COLUMN: New stadium in Oakley could hurt growing neighborhood's walkability

Pat LaFleur reports on transportation and mobility for WCPO, and often commutes on foot.

CINCINNATI -- The quest for a new FC Cincinnati stadium has included back and forth about the use of public funds, locations to build, infrastructure and Major League Soccer's quickly approaching deadline. But one concern that doesn't seem to be on the radar: What building a stadium adjacent to Oakley Station, as is currently proposed, will do to the neighborhood's pedestrian-friendliness.

The stadium discussion has shown how the term "walkable" -- when used to describe the design of an urban neighborhood -- can often become a hollow buzzword, simplified to mean that attractions in the area are in close enough proximity that it is feasible to park and walk to and from nearly everything.

The neighborhood's walkability has been touted as one of the reasons for selecting the site. Team leaders and elected officials alike have invoked images of families and friends visiting the neighborhood, parking in one of the many parking lots, having lunch or dinner and then merrily walking to the game.

But that's not the only picture this plan paints.

It also could mean taking Madison Road -- an already busy, heavily-residential span throughout the East Side neighborhood -- and widening it to five lanes. That means wider crosswalks and could mean less time for pedestrians to cross. The preliminary plan -- released in November -- also suggests removing the existing bump-outs on Vandercar Way, which would serve as an access road to the stadium. 

Bump-outs occur where the curbs at an intersection extend to the inner border of the parking lane, meant to shorten the distance and time a pedestrian spends in a crosswalk. Often the removal of bump-outs is the tactic to accommodate an extra lane by removing street parking -- another factor that hurts a street's pedestrian-friendliness.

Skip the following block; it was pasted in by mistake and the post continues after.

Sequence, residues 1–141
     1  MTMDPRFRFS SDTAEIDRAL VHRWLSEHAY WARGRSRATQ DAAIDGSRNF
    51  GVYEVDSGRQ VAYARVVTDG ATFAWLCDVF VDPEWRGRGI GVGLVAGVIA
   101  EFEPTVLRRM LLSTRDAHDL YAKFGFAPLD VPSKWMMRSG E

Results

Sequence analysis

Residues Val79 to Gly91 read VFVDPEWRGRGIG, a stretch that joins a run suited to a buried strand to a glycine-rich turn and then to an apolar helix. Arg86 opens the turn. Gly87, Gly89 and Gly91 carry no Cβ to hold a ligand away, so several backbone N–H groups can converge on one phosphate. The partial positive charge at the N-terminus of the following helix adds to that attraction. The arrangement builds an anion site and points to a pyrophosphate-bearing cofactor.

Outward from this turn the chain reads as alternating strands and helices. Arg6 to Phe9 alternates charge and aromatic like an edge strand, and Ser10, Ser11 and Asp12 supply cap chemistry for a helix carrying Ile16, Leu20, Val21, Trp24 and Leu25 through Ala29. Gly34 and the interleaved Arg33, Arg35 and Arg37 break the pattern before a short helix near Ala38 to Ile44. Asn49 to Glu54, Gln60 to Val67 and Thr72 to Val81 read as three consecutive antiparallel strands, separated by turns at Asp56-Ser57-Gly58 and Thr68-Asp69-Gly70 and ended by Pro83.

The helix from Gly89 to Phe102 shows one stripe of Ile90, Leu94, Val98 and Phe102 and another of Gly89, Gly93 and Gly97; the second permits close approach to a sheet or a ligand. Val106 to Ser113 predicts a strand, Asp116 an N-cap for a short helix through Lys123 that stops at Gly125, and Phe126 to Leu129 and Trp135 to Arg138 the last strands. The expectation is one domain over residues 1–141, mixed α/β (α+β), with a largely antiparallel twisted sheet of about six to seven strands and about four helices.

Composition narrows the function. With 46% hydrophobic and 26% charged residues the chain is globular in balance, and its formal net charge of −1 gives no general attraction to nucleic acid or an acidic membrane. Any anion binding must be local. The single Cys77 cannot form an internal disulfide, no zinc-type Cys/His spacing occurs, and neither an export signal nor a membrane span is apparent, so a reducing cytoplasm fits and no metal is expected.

It also would mean insulating much of the already-constructed Oakley Station development within a four-road loop, all of which would be five lanes wide.

The thing is, widening roads is never good for a neighborhood's pedestrian-friendliness. Study after study, time after time this has proven to be true. One study out of the Journal of Transportation and Land Use concluded that road widening to accommodate new developments is "largely symbolic." 

Not only does it mean wider crosswalks and sometimes narrower sidewalks for pedestrians, but also more auto traffic. The same study also found an increase in housing costs for neighborhood residents. 

True: A stadium at that site would put it within walking distance of the neighborhood's numerous destinations, attractions and dining options. But being within walking distance doesn't equal a "walkable" route.

Being pedestrian-friendly means a lot more than that. In their guide to urban street design, the National Association of City Transportation Officials identified other design features that contribute to making a street pedestrian-friendly. Protective barriers between cars on the street and pedestrians on the sidewalk -- such as a 24-hour parking lane, protected bike lanes, or a row of trees -- make up one such example. Whether a street is one-way or two-way can also impact auto speeds and, thus, risk to pedestrians, the guide said. 

This is in line with David Ginsburg's vision for a more walkable Downtown. Ginsburg heads up the nonprofit Downtown Corporation Inc. He told WCPO that walkable neighborhoods make pedestrians feel safe and welcome.

"It's where storefronts are interesting. It's where there's a lot of sidewalk seating," Ginsburg said. "It's just where there are more eyes and ears and people at the ground level."

I wonder what road-widening would do to any sidewalk seating that has popped up around Oakley Station.

Oakley is the city's 10th most walkable neighborhood, according to Walk Score, a real estate website that measures a neighborhood's pedestrian-friendliness based on criteria like pedestrian crossing infrastructure, storefront patios, green space, bike lanes, access to public transit and street lane width. On a 100-point scale, Oakley scored a 61 -- "somewhat walkable," meaning residents can run some errands on foot.

Walk Score ranks Over-the-Rhine, Downtown and West End as the city's most walkable neighborhoods.

City transportation officials say it's too soon to tell what the traffic impact would be for the Oakley Station area, should FC Cincinnati build a new stadium there.

That the city has not conducted a traffic impact study on the area was initially troublesome, but in this context, it actually provides a glimmer of hope. That's because the city still has time to make sure to keep its plan as pedestrian-friendly as possible.

And here's hoping the $37 million the city just pledged to the project is enough to make that happen.

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